outcome = attack - defense1;
outcome1 = 3 * outcome;
newHealth1 = health1 - outcome1;
System.out.println("Your attack does " + outcome + " damage!");
System.out.println("");
System.out.println("Enemy Health");
System.out.println(newHealth1);
outcome = attack1 - defense;
outcome1 = 3 * outcome;
newHealth = health - outcome1;
System.out.println("");
System.out.println("Enemies attack does " + outcome2 + " damage!");
System.out.println("");
System.out.println(newHealth);
if(newHealth1 > 0 && newHealth > 0){
outcome = attack - defense1;
outcome1 = 4 * outcome;
newHealth1 = health1 - outcome1;
System.out.println("Your attack does " + outcome + " damage!");
System.out.println("");
System.out.println("Enemy Health");
System.out.println(newHealth1);
outcome = attack1 - defense;
outcome1 = 4 * outcome;
newHealth = health - outcome1;
System.out.println("");
System.out.println("Enemies attack does " + outcome2 + " damage!");
System.out.println("");
System.out.println(newHealth);
if(newHealth1 > 0 && newHealth > 0){
outcome = attack - defense1;
outcome1 = 5 * outcome;
newHealth1 = health1 - outcome1;
System.out.println("Your attack does " + outcome + " damage!");
System.out.println("");
System.out.println("Enemy Health");
System.out.println(newHealth1);
outcome = attack1 - defense;
outcome1 = 5 * outcome;
newHealth = health - outcome1;
System.out.println("");
System.out.println("Enemies attack does " + outcome2 + " damage!");
System.out.println("");
System.out.println(newHealth);}
}
}
}
}while(newHealth1 > 0 && newHealth > 0);
if(newHealth1 <= 0 && newHealth > 0){
System.out.println("You win!");}
if(newHealth <= 0 && newHealth1 > 0){
System.out.println("You lose!");}
if(newHealth <= 0 && newHealth1 <= 0){
System.out.println("Draw!");}
}
}

-

First, I'd like to start off by saying that if you've really only been coding in Java a few days -- well done. For "a few days'" worth of experience, having code that compiles and does what you want it to (and expect it to) is the most important thing. That being said, this is a code review site, so some suggestions....

## The combatants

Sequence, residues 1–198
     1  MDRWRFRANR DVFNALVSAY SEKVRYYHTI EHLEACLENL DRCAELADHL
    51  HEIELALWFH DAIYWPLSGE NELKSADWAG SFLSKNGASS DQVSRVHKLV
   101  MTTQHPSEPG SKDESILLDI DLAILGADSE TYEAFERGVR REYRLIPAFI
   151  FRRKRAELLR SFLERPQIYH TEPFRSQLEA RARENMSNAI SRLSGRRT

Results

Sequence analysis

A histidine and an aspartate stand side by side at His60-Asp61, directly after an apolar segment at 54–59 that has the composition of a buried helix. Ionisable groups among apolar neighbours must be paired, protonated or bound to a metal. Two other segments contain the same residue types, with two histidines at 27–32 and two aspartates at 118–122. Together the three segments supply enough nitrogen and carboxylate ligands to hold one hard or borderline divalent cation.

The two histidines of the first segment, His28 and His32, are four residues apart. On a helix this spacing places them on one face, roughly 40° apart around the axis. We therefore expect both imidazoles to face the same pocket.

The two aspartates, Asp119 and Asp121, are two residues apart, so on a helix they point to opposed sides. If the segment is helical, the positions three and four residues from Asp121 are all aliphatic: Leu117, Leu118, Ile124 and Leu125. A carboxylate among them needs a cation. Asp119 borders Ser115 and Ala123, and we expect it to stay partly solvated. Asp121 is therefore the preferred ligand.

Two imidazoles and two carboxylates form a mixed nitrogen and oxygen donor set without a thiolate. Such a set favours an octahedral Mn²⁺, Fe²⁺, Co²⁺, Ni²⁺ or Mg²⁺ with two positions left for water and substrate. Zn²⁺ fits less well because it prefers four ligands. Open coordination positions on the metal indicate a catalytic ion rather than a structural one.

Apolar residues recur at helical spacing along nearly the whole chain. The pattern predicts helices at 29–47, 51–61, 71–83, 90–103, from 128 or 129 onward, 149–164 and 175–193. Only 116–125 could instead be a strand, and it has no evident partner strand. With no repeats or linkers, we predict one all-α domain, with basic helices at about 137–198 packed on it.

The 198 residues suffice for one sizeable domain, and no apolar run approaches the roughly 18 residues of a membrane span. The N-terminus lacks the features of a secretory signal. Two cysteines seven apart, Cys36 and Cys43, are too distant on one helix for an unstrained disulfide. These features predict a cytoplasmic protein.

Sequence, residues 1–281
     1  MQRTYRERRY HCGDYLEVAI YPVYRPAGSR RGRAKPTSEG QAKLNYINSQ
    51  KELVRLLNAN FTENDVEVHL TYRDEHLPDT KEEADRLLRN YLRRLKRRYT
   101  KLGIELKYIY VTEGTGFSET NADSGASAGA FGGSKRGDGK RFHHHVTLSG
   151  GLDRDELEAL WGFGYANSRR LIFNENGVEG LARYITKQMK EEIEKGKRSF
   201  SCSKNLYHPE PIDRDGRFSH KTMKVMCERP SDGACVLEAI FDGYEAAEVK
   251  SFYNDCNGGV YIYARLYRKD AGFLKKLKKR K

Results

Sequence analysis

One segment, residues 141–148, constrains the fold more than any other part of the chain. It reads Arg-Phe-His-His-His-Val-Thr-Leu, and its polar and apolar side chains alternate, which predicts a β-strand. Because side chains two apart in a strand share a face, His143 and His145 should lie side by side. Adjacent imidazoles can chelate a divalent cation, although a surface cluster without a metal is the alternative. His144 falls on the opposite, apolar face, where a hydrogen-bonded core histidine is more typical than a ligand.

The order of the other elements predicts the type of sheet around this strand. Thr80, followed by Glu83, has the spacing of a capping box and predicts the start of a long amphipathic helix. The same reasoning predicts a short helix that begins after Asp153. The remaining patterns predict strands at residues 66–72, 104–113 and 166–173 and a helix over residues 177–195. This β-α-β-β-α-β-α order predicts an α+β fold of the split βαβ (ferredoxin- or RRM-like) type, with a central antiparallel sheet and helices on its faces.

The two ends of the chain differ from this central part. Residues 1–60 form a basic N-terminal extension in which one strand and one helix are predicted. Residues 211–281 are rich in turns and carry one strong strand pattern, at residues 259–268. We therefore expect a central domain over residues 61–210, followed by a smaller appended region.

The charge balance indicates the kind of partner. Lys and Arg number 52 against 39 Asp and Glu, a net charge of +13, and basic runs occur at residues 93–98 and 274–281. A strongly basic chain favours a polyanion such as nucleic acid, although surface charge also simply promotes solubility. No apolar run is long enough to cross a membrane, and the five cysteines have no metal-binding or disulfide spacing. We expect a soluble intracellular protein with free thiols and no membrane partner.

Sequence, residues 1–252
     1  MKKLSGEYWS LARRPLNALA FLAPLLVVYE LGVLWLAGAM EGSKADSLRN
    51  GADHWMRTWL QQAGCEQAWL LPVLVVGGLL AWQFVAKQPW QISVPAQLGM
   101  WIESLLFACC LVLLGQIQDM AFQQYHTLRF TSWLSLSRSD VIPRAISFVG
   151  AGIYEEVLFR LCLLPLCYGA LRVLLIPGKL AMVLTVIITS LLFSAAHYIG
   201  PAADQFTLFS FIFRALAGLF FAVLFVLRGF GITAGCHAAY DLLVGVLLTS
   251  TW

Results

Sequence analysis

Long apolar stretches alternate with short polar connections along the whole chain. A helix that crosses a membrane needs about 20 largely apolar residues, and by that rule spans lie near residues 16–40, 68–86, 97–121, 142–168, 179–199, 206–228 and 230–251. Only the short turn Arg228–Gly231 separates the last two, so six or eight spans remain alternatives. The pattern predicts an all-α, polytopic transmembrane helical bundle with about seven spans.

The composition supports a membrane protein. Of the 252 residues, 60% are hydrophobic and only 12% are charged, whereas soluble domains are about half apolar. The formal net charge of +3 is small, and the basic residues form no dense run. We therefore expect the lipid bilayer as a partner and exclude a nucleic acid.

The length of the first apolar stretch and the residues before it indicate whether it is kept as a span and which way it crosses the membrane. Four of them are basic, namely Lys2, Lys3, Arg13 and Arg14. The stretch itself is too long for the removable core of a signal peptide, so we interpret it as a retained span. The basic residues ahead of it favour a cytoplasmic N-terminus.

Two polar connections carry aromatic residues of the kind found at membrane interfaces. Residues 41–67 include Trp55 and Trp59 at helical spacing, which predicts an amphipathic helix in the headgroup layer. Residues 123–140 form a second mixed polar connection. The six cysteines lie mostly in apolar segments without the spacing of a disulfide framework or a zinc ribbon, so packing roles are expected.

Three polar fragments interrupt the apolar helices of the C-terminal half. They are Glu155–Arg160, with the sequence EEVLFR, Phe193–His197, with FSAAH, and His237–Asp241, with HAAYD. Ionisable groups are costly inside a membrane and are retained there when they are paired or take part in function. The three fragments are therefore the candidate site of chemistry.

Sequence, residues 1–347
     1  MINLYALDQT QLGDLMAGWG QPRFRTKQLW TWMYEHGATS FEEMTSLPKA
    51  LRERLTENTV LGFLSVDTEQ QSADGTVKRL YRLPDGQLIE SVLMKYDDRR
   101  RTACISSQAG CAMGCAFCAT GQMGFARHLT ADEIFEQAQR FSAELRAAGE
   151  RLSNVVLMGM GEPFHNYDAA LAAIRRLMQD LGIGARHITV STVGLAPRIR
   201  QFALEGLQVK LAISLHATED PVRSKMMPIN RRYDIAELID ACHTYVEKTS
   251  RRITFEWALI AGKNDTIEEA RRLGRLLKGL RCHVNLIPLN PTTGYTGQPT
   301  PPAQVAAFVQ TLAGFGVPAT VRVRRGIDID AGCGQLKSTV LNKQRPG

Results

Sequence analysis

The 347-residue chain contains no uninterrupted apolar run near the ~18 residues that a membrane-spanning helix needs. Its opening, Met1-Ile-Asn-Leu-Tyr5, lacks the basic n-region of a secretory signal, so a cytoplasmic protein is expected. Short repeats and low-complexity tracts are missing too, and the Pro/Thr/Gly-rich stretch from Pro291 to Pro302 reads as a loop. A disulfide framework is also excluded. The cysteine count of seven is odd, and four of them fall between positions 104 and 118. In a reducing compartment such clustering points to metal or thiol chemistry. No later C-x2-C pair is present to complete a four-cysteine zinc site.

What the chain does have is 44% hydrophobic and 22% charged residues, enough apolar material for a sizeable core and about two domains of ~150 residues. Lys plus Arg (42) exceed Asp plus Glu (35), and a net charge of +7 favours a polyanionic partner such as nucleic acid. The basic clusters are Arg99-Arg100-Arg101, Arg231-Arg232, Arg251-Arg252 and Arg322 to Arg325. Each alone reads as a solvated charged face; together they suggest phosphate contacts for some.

As others have mentioned, my first change would be to create a class to hold data for each participant of the Duel. The basic information for each participant is their name, and integer values for their attack, defense, and health. Since naming this class 'Character' would be in conflict with java.lang.Character, I figure "Player" would be a good name:

public class Player {
private String name;
private int attack;
private int defense;
private int health;

// Contructor, getters, and setters here
}


Now we can create a Player object for each combatant:

Player valon = new Player("Valon", 6, 0, 19);


Since a "Duel" will continue until one player is "dead", I'd add a utility method for determining if a player is dead (or alive, in this case.) This will allow us to change the criteria in the future in a more simple way:

// in the Player class
public boolean isAlive() {
return health > 0;
}


Why? In object-oriented programming, a single "concept" is defined by a class, which defines its data fields and methods. Here, we are taking the "concept" of a player and putting the logic for each player into a single, well-defined object. Now the Player object for Hawkeye knows everything there is to know about Hawkeye, and it is no longer scattered throughout the code. If we want to make Hawkeye a little weaker by changing his attack value, we now only need to change it in all places instead of tracking down all the places in the code where we define him as a combatant.

## The fight

From reading the code, it looks like a "duel" is supposed to proceed by each player attacking the other until one player is dead. That is, Player 1 attacks Player 2. Then Player 2 attacks Player 1. And so on. A Player's damage is defined as their "attack" value minus their opponent's "defense" value. The damage is then subtracted from the defender's health value. The duel continues until one or both players are "dead". Since the code allows for "draws", which appears intentional, then both the attack and the counter attack (player 1 attacks player 2, player 2 attacks player 1) happen in the same round, and only after both attacks are completed does the round end and the end conditions get checked.

The duel logic can therefore be consolidated into a small method that takes only two Player variables, the duel participants. (Here I left them named "you" and "enemy" but it's really not important.)

public void duel(Player you, Player enemy) {
do {
attack(you, enemy);
attack(enemy, you);

} while (you.isAlive() && enemy.isAlive());

if (you.isAlive()) {
System.out.println("You win!");
} else if (enemy.isAlive()) {
System.out.println("You lose!");
} else {
System.out.println("Draw!");
}
}


I have extracted the "attack" code into a single method called attack. This method models the act of one Player attacking another Player, and it prints the result.

private void attack(Player attacker, Player defender) {

int damage = Math.max(0, attacker.getAttack() - defender.getDefense());
int health = defender.getHealth() - damage;

System.out.println(attacker.getName() + "'s attack does " + damage + " damage!\n");
System.out.println(defender.getName() + "'s Health\n");
System.out.println(health);

defender.setHealth(health);